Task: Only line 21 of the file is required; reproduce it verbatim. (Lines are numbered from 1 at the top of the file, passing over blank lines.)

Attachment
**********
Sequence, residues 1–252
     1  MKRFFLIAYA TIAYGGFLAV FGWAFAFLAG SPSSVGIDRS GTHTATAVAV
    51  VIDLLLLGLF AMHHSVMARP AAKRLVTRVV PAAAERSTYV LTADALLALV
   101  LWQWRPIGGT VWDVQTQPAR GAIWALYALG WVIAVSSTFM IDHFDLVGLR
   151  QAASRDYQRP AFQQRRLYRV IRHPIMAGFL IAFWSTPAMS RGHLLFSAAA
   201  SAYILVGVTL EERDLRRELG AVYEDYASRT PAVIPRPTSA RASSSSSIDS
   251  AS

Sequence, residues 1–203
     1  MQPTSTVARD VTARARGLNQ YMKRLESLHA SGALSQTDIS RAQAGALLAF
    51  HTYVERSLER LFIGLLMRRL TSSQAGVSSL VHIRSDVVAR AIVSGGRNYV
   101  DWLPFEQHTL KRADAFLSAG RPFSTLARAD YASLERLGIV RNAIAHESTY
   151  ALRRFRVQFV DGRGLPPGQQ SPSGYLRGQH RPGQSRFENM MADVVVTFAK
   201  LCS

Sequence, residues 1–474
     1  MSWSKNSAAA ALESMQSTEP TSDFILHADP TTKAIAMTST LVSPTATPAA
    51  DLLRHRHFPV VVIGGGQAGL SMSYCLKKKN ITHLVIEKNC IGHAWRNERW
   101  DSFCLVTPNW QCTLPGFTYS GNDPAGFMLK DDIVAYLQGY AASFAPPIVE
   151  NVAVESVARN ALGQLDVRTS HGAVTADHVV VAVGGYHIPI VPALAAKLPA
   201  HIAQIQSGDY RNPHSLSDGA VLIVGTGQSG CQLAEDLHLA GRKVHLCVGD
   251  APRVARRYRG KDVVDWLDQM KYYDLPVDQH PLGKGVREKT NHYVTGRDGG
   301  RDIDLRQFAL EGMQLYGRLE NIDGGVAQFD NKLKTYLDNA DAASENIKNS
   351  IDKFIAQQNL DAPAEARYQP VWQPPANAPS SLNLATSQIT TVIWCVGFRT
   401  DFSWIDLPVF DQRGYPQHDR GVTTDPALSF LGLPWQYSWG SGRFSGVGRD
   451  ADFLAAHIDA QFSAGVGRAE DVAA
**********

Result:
   301  RDIDLRQFAL EGMQLYGRLE NIDGGVAQFD NKLKTYLDNA DAASENIKNS